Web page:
Mary Lattimore and Paul Sukeena

West Kensington

(Three lobe recordings)

To buy

On West Kensington, the latest collaboration between multi-instrumentalists Mary Lattimore and Paul Sukeena, the two musicians sculpt dreamlike soundscapes; kosmiche lullabies of swirling synths and reverb-drenched guitar that send you into a trance. With each harp stroke, Lattimore evokes a sense of calm that invites the listener to relax: lie back and close your eyes, and let the music wash over you like a warm bath. — DAV


Lucrece Dalt

Seed

(Invada)

To buy

Lucrecia Dalt’s first score, Seed, gets its vinyl release this week thanks to Invada Records. A deeply unnerving work, Dalt crafted his haunting sounds using bits of metal, synths and tape loops. A testament to the power of minimalism, Seed is designed to linger in the mind long after listening, its disturbing sounds leaving any listener with a lingering sense of doom to come. – L/R


Saltpond Town Group

Boko to Ko

(Meet me there)

To buy

Not content with running charity projects and festivals in Ghana, the Meet Me There team branched out into music broadcasting, starting with none other than the Saltpond City Band. Originally formed by legendary musician Ebo Taylor, it is now run by his son Henry, infusing classic highlife with modern funk and jazz touches. While most tracks feature vocals typical of the highlife genre, the band allows the highly capable horn section to regularly shine and take center stage. It is a strong sign that the Ghanaian scene is thriving in both the old and new world, embracing both heritage and musical progression. —AW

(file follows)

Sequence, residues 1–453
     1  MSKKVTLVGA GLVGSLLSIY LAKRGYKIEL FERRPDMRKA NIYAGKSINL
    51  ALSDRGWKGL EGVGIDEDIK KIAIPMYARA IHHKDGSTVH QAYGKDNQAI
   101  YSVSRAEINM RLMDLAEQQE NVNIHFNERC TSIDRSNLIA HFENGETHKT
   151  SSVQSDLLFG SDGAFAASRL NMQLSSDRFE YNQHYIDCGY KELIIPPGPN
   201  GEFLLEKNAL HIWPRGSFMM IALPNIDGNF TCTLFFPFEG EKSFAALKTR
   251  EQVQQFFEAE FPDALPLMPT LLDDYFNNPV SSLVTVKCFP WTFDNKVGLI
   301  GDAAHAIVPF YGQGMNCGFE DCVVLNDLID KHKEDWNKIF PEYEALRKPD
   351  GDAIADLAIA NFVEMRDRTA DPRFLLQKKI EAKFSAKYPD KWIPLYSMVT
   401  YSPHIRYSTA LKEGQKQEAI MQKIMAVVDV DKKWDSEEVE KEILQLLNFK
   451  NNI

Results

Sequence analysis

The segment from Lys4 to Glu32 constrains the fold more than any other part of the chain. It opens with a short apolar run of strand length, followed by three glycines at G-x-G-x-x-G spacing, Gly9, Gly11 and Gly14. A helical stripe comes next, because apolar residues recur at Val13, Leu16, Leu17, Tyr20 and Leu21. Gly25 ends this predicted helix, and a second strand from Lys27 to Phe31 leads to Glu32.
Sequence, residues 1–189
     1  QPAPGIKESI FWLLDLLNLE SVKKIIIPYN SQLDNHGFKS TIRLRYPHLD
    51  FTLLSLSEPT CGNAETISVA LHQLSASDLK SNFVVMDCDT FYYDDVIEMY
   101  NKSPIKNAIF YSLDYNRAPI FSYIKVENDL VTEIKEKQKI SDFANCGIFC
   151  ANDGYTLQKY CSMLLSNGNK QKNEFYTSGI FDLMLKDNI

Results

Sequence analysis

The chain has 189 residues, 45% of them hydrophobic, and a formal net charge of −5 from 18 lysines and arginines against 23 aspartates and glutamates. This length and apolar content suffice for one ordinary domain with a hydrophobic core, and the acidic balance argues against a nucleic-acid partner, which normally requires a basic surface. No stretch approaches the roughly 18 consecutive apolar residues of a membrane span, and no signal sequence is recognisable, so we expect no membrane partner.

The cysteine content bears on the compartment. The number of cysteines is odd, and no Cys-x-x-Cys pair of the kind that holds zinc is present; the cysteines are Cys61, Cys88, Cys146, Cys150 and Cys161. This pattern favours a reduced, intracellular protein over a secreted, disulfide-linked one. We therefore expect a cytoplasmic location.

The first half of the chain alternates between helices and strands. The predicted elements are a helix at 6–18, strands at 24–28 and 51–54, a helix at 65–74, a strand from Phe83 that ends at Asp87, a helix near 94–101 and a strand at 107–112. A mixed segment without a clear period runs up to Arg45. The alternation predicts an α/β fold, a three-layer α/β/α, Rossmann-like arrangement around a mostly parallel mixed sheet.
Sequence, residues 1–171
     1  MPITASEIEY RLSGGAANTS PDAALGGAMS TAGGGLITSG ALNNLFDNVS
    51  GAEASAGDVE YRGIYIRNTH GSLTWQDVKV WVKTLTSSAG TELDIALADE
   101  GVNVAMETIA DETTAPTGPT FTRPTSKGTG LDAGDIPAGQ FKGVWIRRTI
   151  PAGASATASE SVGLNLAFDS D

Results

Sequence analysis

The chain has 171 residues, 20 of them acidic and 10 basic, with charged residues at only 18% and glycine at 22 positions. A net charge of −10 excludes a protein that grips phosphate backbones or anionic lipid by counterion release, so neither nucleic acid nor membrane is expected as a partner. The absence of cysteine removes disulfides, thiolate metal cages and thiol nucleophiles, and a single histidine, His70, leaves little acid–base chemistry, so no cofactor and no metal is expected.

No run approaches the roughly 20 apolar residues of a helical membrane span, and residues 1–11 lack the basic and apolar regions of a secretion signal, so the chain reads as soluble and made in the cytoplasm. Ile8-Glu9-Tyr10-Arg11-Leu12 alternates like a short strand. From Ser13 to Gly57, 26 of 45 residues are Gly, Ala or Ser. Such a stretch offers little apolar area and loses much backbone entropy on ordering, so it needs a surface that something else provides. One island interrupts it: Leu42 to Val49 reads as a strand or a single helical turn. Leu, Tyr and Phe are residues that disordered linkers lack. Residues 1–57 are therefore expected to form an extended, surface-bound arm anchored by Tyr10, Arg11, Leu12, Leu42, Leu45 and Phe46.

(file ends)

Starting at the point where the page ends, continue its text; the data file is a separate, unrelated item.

Park Jiha & Roy Claire Potter

call in the night

(Takuroku)

To buy

Recorded during a BBC Late Junction performance in 2020, call in the night finds Park Jiha and Roy Claire Potter meeting for the first time, instantly establishing the kind of sonic rapport that can elude even longtime collaborators. For this free-form performance, Jiha uses the string and wind sounds of piri, yanggeum and saeng, alongside Potter’s lively articulation. It is the musicality of the spoken word and the duo’s ability to listen to each other that exerts a curious charm on this ensemble, with the expressive and musical nature of the two professions merging. —JH